In this environment, it is very important for students who DO monetize their NIL rights in high school to make sure their contracts sunset prior to their enrollment in college so they have maximum ability to negotiate with the college collectives. Once the collective deal (and athletic scholarship) is secured, THEN the student can monetize their rights with additional deals. It is also critical to have all contracts reviewed by a competent and knowledgeable intellectual property attorney. Most schools with significant NIL collectives can make these experts available to their students at minimal/no cost.

For students who are NOT looking at NIL deals based on their athletic profile or social media influence, there is a significant space for entrepreneurship and creativity to build value. Advisors should be encouraging students to explore this space even for athletes who are not attracting elite offers!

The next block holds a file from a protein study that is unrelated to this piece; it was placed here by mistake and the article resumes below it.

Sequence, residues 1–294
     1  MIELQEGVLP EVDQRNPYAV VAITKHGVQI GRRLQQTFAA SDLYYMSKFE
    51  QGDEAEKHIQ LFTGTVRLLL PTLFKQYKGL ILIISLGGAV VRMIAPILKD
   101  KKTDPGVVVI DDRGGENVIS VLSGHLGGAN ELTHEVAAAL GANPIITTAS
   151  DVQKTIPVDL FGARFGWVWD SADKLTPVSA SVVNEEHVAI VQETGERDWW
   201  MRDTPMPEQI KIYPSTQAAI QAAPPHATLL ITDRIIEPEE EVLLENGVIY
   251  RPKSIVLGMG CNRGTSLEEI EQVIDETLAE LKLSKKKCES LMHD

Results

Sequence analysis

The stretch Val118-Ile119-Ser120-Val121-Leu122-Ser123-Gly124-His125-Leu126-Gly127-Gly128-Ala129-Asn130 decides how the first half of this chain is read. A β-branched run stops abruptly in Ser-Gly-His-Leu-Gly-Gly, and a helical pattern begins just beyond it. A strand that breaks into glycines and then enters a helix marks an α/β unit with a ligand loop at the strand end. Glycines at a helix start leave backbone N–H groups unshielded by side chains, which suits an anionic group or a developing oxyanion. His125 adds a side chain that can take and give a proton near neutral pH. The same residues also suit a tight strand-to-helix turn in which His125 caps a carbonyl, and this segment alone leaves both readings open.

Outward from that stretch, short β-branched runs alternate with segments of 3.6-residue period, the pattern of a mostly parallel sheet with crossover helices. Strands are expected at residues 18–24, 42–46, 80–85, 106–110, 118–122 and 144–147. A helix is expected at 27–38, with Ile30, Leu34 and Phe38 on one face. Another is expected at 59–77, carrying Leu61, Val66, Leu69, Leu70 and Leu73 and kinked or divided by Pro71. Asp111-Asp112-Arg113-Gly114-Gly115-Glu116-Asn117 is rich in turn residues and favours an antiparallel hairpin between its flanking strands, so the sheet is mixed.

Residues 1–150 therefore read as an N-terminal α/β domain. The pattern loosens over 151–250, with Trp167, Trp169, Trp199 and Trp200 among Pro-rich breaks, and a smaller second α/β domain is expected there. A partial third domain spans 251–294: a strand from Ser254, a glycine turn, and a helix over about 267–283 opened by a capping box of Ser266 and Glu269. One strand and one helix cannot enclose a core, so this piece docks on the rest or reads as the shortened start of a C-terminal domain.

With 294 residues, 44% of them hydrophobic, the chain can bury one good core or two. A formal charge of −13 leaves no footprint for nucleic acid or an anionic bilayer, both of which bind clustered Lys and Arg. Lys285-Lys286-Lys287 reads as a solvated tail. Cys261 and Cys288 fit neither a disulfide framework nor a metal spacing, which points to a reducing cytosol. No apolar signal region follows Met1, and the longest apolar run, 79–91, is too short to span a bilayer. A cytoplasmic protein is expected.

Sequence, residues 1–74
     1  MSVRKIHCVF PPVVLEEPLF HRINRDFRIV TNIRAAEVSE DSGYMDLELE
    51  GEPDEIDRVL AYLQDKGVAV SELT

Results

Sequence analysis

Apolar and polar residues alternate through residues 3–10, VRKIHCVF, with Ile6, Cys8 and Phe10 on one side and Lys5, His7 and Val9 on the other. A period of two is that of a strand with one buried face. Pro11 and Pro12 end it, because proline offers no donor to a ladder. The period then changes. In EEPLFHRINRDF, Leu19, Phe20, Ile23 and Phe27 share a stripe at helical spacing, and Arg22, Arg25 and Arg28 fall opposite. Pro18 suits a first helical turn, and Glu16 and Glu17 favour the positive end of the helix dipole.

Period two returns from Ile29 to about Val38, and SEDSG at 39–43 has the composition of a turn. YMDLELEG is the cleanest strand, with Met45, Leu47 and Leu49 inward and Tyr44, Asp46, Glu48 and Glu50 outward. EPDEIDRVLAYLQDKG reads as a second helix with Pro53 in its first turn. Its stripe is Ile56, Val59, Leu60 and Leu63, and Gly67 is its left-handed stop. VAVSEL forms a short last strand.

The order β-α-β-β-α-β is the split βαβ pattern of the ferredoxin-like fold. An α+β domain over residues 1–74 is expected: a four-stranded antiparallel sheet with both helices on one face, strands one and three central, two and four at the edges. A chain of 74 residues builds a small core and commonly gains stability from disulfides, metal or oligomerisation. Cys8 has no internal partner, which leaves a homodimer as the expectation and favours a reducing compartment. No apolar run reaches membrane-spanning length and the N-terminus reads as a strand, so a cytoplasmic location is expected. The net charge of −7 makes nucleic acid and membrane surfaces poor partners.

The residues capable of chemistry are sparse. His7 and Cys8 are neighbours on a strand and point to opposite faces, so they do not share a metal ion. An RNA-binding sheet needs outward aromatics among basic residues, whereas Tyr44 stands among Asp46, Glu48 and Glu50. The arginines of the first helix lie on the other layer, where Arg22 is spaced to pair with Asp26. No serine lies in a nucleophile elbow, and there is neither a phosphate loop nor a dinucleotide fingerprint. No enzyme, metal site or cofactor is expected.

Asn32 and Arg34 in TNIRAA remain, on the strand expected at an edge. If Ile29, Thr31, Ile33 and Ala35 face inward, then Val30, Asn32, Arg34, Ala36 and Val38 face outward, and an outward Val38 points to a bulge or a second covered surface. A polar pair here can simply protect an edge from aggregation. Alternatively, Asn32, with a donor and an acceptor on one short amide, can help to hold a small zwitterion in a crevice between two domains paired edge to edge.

I believe that IECs should advocate for colleges to support and enhance the value of their student’s intellectual property. This would push more students into top-tier business agreements and generate more value for everyone. It is critical that colleges develop workable rules for the second tier “collectives.” An unregulated arms race is inevitably going to exploit some students; making sure that the benefits are spread more widely and in a way that is congruent with the college’s educational mission is broadly good policy that could gain support across stakeholders. Finally, it is in everyone’s interest to protect student-athletes from exploitation by the lowest tier of actors in the NIL space. All these issues require legislative action and lobbying at both the state and federal levels. While I personally feel this is the right approach, there is no shortage of opinions about the best path forward.

Policy Possibilities